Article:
Linux Device Drivers

Linux Device Drivers

Character drivers
IO & Memory
Linux Kernel
Process Management
Process Address space

Linux Scheduler
Memory Management
System Calls
Kernel Synchronization
Linux Inter Process Communications

Serial Ports
Parallel Ports
Introduction to Hardware
Linux Timers
DMA in Linux
Linux Threads
Linux Thread Synchronization

Linux Multi Threading
Debugging in Linux
GDB GNU Debugger
KDB Kernel Debugger
KGDB Kernel GNU Debugger
Example Ethernet Driver

Process Management


     Program -A program is an executable file. It is created by a link editor and resides on a disk file. The program is executed by exec system call.

     Process A process is an instance of a program. The new process is created by issuing fork system call.

     Each process has own area of memory, protected against other process

     Internal view -running as one task and has access to all resources.




A part of task runs in user mode (less privileged)


The concepts of tasks and process are same


A task running in privileged mode, can take one of the number of states: running, interrupt routine, system call, waiting, return from system calls, ready.



Process Control Block


     Description of a process in process structure

     All processes are entered in a doubly linked list and has family relationship

     Each process has its own process ID (pid)



     Inter process communication like System V




task_struct structure


     Process ID: process id and parent pid

     Scheduling: priority, CPU utilization, time spent sleeping

     Process state: run state of the process, status flags, wait info if




     Signal state: signals pending delivery, current mask, and actions

     Tracing information

     Machine-dependent state

     Real-time timer and CPU utilization counters


task_struct structure


     Process group ID: process group and session for this process

     User credentials: real, effective, and saved UID and GID

     Memory Management: virtual address space management (page tables)

     File descriptors: pointers to open file entries and cwd

     Resource Accounting: system/user time used, memory allocation, paging and disk I/O, etc.

     Statistics (kept in user structure): accounting information.

     Signal actions (kept in user structure): pointers to signal handlers, list of blocked signals, etc


Process Identifiers


Every process has a unique process ID, a non-negative integer


Process Ids are reused. As processes terminate, their Ids become candidate for reuse. Most Unix systems has algorithms to delay reuse.


Process ID 0 is usually the scheduler process, known as swapper.


Process ID 1 is the init process, invoked by the kernel at the end of the bootstrap procedure.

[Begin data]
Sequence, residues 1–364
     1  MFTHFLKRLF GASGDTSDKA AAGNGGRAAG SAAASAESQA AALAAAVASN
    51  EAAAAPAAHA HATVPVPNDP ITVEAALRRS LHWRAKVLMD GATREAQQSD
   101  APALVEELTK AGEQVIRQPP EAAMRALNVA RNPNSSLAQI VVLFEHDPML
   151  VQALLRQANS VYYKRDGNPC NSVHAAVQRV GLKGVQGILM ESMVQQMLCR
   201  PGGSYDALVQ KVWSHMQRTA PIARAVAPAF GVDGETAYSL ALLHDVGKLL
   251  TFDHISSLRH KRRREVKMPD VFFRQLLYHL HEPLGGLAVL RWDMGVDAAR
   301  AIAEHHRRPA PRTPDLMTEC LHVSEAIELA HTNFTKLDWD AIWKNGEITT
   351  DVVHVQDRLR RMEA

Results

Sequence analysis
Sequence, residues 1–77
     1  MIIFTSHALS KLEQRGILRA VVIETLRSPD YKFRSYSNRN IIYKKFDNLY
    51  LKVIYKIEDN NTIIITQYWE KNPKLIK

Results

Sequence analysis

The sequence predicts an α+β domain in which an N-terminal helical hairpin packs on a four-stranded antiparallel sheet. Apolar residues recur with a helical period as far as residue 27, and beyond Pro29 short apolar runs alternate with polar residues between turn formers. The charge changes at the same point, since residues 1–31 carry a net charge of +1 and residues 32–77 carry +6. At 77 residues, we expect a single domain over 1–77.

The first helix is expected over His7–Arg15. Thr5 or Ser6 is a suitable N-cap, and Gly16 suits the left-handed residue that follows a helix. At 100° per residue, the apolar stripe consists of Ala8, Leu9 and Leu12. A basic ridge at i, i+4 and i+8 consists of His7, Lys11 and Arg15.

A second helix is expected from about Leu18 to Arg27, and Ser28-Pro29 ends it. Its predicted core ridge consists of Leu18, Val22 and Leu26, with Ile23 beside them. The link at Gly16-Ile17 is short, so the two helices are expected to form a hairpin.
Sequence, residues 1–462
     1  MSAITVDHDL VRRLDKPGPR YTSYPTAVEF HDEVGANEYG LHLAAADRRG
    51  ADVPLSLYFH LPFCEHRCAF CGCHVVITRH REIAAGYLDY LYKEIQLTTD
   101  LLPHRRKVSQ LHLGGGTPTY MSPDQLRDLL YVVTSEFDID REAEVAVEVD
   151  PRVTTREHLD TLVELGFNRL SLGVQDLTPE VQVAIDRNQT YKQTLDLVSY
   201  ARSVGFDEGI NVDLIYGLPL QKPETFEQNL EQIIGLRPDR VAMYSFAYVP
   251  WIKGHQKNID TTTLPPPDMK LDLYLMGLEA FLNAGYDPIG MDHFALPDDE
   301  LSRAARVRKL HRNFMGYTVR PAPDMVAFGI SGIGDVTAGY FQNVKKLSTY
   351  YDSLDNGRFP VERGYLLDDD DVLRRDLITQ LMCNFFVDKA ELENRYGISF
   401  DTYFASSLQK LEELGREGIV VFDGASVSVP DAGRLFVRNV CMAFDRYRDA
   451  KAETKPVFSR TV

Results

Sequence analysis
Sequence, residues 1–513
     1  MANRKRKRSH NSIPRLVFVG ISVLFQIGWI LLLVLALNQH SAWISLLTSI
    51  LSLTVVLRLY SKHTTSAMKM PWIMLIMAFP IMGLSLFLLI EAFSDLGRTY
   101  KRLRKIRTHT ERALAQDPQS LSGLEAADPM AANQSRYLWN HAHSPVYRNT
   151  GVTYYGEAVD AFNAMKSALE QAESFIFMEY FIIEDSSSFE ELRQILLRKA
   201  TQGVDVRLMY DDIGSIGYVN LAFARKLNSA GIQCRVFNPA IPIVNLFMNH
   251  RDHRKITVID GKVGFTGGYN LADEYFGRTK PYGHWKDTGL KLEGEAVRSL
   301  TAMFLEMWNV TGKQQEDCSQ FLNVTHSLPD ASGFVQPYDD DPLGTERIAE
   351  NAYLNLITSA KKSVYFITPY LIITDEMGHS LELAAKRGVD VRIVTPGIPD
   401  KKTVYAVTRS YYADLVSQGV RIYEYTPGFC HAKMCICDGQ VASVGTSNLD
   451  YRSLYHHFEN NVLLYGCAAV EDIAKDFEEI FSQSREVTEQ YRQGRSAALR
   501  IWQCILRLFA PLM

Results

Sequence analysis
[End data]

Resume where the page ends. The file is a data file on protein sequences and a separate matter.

#include <unistd.h>

pid_t getpid (void);

returns process ID of the calling process

pid_t getppid (void);

returns parent process ID of the calling process


Process Control


The system calls for process management (create, terminate and priority) are:

fork(), exec(), exit(), wait(), and nice()


fork System call:


The only way in which a new process is created by Linux is for an existing process to execute the fork system call.




The fork system call creates a copy of a process that was executing. The process that executed the fork is called the parent process and the new process is called the child process. The fork system call is called once (by the parent process) but it returns twice (once in the parent and once in the child). The only difference in the returns from the fork system call is that the return value in the parent process is the process id of the newly created child process, while the return value in the child process is zero. If fork it is not successful, -1 is returned.


exec System call


The only way in which a program is executed by Linux is for an existing process to issue the exec system call. The exec system call replaces the current process with the new program. The process does not change. There are six different versions of the exec function:

int execlp(char *filename, char *arg0, char arg1,..... , char *argn, (char *) 0);

int execl(char *pathname, char *arg0, char arg1,..... , char *argn, (char *) 0);

int execle(char *pathname, char *arg0, char arg1,..... , char *argn, (char *) 0, char **envp);

int execvp(char *filename, char **argv);

int execv(char *pathname, char **argv,);

int execve(char *pathname, char **argv, char **envp);


The exec functions return to the caller only if an error occurs. Otherwise control passes to the start of the new program.


wait System call


A process can wait for one of its child process to finish by executing the wait system call.

int wait(int*status);


The value returned by wait is the process id of the child process that terminated. If the process that calls wait function does not have any child processes, wait returns a value of -1 immediately. If the process that calls wait has one or more child processes that has not yet terminated, then the calling process is suspended by the kernel until one of its child processes terminates.


Exit functions


A process can terminate normally in five ways:


1.     Executing a return from the main function

2.     Calling the exit function

3.     Calling the _exit or _Exit function

4.     Executing a return from the start routine of last thread in the process

5.     Calling the pthread_exitfunction from the last thread in the process